Leslie Swearingen 3 years, 12 months ago

You know, regardless, Lawrence just seems like home to me. Though I would like to revisit some of the great places I have had the luck to go to, I want to come home. I have been all over the country, Canada, Mexico and the Caribbean, but no place has the feel of home that Lawrence has. I can't really explain it, but if I suddenly came into a lot of money I would still live here and travel.

Richard Heckler 3 years, 12 months ago

All of this sprawling new development that has been spreading like a disease and is based on smoke and mirrors is the problem. Not much is paying back and the city commission still does not get it. They just keeping saying yes to sprawling growth and handing out tax dollars like drunken sailors. Who is advising the City Commission? Why do they so readily accept wrong advice?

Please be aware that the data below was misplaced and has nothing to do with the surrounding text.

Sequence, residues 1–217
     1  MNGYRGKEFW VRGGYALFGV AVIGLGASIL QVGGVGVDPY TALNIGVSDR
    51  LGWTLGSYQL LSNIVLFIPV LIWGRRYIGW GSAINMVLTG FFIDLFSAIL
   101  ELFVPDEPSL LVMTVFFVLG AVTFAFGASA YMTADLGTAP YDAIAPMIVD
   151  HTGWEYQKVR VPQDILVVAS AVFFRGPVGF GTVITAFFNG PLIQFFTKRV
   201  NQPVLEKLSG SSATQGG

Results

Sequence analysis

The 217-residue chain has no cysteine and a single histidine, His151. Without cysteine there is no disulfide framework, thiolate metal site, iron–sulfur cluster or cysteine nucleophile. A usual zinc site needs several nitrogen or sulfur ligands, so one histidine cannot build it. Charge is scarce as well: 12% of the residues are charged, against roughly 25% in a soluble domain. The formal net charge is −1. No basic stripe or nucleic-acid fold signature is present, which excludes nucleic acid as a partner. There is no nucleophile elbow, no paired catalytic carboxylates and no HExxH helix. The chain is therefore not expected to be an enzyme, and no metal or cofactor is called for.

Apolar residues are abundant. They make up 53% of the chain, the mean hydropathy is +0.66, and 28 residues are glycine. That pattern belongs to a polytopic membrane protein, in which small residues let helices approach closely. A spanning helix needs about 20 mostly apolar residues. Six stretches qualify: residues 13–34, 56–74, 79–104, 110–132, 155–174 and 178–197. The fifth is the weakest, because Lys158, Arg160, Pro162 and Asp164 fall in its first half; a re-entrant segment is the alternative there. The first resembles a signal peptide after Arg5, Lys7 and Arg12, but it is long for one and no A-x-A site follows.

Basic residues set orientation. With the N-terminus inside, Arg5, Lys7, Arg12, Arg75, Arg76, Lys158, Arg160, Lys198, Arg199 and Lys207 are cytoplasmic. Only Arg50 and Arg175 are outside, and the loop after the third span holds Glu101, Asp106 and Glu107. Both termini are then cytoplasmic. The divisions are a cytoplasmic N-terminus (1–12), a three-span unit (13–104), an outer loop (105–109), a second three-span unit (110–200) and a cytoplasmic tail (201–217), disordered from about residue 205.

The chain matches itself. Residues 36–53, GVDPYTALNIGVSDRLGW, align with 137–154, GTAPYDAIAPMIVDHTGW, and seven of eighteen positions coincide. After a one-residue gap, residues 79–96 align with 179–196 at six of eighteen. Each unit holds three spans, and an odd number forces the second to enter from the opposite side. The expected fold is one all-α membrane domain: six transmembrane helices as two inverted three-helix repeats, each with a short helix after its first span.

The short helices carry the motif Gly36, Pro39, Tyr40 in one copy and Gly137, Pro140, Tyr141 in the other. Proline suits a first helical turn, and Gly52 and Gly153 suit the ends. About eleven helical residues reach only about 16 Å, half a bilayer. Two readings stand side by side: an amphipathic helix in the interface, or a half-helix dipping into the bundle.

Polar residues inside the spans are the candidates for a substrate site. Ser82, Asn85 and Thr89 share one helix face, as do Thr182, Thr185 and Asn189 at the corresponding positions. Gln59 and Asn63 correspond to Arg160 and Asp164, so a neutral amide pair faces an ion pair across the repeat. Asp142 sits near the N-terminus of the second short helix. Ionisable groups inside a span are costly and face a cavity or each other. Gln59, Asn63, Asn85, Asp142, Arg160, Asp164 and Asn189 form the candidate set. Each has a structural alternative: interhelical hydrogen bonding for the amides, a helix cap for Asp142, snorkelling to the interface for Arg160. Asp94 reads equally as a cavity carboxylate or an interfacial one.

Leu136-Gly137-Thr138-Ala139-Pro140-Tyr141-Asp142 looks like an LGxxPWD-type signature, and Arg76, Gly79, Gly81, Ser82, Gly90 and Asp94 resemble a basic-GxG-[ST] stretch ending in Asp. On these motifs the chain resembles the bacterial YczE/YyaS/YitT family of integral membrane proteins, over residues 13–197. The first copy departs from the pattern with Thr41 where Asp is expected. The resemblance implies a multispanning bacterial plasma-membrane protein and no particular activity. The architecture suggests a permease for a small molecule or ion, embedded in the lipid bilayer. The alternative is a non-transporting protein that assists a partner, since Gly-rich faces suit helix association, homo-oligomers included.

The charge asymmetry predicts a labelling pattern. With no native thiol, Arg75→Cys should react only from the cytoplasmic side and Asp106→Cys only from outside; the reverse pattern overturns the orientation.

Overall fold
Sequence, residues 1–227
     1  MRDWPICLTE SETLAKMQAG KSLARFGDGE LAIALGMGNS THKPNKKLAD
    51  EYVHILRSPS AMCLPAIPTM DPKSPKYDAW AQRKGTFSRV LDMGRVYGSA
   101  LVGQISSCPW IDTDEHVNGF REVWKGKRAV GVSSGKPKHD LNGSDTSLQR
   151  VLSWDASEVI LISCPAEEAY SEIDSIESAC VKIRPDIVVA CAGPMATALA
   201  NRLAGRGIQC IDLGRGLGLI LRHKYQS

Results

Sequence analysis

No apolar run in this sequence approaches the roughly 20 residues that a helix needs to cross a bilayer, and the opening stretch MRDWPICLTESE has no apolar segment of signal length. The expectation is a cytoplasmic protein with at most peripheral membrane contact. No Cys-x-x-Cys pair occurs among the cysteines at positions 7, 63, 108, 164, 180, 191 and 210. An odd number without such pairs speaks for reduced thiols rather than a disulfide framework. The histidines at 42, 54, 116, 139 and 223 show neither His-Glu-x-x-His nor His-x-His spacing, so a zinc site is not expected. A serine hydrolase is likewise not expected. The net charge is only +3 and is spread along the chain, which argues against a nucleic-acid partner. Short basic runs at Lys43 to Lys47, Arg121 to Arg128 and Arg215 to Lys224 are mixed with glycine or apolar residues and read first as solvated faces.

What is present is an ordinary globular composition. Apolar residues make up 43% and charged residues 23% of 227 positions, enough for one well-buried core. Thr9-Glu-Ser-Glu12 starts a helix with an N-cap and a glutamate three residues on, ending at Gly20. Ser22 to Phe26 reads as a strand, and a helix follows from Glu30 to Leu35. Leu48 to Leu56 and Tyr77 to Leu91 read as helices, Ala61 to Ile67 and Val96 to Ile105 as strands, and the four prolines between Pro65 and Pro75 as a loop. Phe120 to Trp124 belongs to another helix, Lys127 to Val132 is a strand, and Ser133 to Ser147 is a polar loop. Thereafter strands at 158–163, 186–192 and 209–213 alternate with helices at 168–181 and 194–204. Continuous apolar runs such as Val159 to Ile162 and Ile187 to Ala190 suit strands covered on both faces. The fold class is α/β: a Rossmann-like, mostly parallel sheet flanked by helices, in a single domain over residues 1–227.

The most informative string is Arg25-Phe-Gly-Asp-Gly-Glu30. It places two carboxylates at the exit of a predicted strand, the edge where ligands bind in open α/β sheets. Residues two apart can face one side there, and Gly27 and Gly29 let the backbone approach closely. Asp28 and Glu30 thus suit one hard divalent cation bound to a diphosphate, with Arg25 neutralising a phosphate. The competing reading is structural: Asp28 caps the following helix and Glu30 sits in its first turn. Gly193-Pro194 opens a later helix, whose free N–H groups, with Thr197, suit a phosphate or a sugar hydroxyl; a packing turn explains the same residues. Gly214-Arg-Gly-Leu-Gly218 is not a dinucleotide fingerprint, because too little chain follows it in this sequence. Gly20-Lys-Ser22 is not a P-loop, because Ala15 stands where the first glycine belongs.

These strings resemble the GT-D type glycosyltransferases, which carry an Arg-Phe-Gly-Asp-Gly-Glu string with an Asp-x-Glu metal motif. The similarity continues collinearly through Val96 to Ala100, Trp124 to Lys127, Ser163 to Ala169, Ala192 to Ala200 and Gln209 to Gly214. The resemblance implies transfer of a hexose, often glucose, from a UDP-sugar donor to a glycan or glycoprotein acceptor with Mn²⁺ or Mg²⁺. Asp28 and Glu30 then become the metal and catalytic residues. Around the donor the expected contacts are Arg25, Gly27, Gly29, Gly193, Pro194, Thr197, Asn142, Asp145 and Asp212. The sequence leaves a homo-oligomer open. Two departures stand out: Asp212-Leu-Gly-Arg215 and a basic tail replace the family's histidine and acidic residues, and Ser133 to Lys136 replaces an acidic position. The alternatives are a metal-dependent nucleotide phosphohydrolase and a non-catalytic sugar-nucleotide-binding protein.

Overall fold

WE keep hearing that this is expanding the tax base when in reality it is expanding our tax bills as the Lawrence 1% are still laughing all the way to the banks and maybe some off shore accounts as well.

City Hall pays the Chamber of Commerce half a million tax $$$$$ annually for misleading advice?

Richard Heckler 3 years, 12 months ago

If flooded residential markets and flooded retail markets paid for themselves and were financially positive, we would NOT be subject to so many fee and tax increases. But with increased numbers of residential and retail real estate you have increased demand on services.